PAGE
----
1. What a great piece of history to share. I love Medalta and have travelled East (from the West Coast) to visit the Pottery twice (in its museum incarnation. My first visit was before they museum had tidied up the production area and I was fortunate to see it as it had been when the factory closed, all the racks and various lines and stacks of crocks and toilet forms, dust and atmosphere, beehive burners and outbuildings. Next visit the large building and area was mega organized and very professional but still a thrill to visit. So many examples of pottery and a gift store with home written history books, modern examples and cased (for view only) examples from the past.

    A treat indeed to read your post today. Thank you for sharing on A Favorite Thing.

    Joy

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  2. Oh this was a great post to read! I have never heard of that pottery, but I'm going to start looking for a piece of my own now that I know the history! I wonder if it's hard to find here. Oh..and I never thought about stealing lampshades from hotels!!! Leave it to you for that fine suggestion!! Thanks for sharing this lovely story and the great old photos!

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  3. The pottery is wonderful but the story accompanying it is even better. What a great story and history for your family to own. I am thrilled that you have some of the pieces. I can see why it is one of your favorites. How sad that the little boy died as the family made their move. Today I am sure antibiotics could have saved his life. What a dreadful loss.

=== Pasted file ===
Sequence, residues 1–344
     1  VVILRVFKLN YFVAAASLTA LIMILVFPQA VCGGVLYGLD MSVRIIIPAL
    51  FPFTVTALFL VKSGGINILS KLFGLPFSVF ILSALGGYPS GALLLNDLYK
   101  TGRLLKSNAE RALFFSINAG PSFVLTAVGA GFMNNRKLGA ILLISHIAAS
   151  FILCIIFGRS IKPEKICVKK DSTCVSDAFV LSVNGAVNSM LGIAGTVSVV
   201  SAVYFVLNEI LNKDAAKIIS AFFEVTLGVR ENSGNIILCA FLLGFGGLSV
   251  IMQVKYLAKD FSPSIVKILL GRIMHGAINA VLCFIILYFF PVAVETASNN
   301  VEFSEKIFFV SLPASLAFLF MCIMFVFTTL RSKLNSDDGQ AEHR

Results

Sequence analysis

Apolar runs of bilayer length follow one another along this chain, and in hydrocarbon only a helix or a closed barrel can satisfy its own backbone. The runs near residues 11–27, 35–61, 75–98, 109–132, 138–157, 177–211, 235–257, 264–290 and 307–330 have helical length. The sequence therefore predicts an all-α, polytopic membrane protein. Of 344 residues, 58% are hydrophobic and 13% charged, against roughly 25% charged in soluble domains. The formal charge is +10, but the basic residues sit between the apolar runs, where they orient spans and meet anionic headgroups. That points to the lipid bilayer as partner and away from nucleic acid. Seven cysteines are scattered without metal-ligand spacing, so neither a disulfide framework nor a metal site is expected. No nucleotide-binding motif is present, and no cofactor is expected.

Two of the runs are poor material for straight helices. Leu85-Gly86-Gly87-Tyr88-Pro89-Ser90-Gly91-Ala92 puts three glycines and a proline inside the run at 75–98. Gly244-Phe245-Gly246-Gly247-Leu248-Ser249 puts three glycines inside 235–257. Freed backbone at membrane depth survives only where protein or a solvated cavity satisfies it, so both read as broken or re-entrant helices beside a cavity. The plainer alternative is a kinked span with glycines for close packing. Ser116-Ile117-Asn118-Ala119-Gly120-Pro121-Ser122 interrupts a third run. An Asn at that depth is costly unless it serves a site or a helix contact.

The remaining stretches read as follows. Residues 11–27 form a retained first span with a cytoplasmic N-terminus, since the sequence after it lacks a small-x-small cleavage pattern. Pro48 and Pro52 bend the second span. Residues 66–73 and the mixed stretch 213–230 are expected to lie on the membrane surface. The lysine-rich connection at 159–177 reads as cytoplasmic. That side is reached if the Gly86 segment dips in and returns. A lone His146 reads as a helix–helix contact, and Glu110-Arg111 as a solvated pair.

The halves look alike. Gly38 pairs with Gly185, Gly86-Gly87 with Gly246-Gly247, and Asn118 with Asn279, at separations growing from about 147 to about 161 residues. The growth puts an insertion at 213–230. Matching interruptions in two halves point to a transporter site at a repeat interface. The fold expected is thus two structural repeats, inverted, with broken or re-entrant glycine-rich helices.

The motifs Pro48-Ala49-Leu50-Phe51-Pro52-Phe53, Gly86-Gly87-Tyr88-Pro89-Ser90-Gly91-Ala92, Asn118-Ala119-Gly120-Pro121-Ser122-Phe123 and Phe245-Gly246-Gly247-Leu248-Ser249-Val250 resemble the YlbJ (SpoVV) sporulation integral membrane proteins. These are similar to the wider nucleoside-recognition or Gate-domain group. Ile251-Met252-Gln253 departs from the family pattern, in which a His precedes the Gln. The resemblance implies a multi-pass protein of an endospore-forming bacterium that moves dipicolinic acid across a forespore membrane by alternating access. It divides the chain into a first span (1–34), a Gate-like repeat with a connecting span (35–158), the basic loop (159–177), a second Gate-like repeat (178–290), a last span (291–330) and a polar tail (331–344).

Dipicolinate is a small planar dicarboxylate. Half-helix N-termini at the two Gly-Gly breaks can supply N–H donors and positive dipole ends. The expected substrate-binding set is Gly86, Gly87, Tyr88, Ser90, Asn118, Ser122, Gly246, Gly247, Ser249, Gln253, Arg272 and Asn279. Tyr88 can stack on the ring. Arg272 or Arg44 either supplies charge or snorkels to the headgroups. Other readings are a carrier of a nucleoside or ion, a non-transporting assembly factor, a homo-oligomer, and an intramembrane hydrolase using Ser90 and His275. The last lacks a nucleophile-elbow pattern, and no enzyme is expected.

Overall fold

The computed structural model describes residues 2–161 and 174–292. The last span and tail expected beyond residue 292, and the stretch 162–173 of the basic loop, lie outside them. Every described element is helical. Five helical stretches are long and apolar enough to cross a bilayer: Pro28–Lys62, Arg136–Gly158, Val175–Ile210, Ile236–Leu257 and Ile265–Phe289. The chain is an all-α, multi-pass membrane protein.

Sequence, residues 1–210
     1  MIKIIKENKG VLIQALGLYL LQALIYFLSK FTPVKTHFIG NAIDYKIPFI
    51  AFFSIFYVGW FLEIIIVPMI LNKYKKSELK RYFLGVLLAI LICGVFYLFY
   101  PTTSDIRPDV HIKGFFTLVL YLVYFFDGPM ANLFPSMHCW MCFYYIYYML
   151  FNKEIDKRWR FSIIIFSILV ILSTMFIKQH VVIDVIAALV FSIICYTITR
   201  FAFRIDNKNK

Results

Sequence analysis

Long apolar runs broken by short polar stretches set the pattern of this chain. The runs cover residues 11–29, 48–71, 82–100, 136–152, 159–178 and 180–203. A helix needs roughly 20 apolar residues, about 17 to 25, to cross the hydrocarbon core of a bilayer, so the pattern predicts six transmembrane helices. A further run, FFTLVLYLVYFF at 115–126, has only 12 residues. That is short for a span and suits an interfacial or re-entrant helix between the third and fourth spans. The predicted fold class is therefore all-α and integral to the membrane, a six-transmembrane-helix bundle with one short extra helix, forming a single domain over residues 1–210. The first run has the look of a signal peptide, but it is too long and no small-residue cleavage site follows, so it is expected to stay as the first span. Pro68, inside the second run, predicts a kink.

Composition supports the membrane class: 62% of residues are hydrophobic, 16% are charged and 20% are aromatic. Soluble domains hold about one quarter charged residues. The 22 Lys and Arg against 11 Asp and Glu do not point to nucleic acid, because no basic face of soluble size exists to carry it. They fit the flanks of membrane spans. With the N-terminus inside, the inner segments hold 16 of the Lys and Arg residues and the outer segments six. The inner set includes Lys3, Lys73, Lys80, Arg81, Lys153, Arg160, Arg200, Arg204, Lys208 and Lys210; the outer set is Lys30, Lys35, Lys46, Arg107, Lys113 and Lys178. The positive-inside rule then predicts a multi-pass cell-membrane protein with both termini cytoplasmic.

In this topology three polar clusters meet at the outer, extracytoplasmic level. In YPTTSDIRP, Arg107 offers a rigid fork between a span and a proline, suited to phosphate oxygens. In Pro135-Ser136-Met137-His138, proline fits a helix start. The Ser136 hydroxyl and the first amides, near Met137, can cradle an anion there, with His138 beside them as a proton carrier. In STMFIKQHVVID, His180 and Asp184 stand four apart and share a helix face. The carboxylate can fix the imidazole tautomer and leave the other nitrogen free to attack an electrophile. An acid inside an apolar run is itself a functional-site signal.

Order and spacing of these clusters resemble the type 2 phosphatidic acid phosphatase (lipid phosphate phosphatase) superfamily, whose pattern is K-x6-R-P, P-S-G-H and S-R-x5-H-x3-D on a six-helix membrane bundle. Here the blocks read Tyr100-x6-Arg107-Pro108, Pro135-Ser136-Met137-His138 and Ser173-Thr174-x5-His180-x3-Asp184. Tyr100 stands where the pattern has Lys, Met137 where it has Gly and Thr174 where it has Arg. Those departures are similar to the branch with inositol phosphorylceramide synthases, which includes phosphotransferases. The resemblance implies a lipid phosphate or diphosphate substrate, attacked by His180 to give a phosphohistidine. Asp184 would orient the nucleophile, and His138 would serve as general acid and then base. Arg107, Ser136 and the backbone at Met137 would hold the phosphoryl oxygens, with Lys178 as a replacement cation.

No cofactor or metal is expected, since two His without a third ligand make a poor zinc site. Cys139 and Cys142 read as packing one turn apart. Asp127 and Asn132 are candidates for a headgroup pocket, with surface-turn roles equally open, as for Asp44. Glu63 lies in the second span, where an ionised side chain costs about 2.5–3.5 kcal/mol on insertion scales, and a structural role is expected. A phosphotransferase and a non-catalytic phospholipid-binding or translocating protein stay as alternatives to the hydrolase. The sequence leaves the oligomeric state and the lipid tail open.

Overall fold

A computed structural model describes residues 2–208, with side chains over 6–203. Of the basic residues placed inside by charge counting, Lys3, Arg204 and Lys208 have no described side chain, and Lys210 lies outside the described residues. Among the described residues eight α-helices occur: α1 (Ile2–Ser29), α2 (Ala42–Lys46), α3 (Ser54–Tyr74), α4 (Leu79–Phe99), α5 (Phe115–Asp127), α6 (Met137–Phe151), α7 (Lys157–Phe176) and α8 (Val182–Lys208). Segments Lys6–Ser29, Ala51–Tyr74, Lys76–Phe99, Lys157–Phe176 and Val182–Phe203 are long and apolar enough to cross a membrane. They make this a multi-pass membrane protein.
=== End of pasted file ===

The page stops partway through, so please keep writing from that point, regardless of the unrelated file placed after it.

How funny about the car on the coals. xo Diana

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  4. What a great story and great pottery! I love the old photos! Cindy

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  5. Wow, what a story. I hope you will print a record of this because things can get lost in cyberspace, and rich stories like this about ancestors need to be preserved for future generations. Lovely piece. Thanks so much!

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  6. So interesting. I love to hear about family history. It's so interesting sometimes. Love the pottery. Looks like you make good use of it. Do it proud.

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  7. This is a fascinating piece of history, Maureen - thank you so much for sharing it! I had never heard of Medalta pottery. I love pottery, as you know, and really enjoy hearing about the history of the various potteries that sprang up in the early part of the 20th century. The fact that the pottery had everything to do with your grandfather and your family is priceless. I love your pieces. Thanks so much for joining in on the party! Now you have to find another favorite thing for next week!

    xo
    Claudia

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  8. Your post is making me hungry. Such beautiful pottery and delicious things inside it, too!

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  9. What a wonderful piece of history, you tell them so well that I NEED to keep reading. I have to keep my eye out for Medalta pottery now, and you know how much I love pottery.

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  10. This reminds me of something I saw recently in Santa Fe...wonderful and that lamp is adorable!

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  11. Maureen - What an interesting and informative post!! I've never even heard of Medalta pottery. I'll start looking for it. I love pottery and most of what I have is McCoy. But, I like it all.

    Judy

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  12. I adore crocks and old pottery. I have a few crocks I've collected through the years, and even though I don't use them, I enjoy looking at them.

    The good news about the party at MHC is we don't have to choose a single favorite thing, but get to choose a new one each week. :) YAY!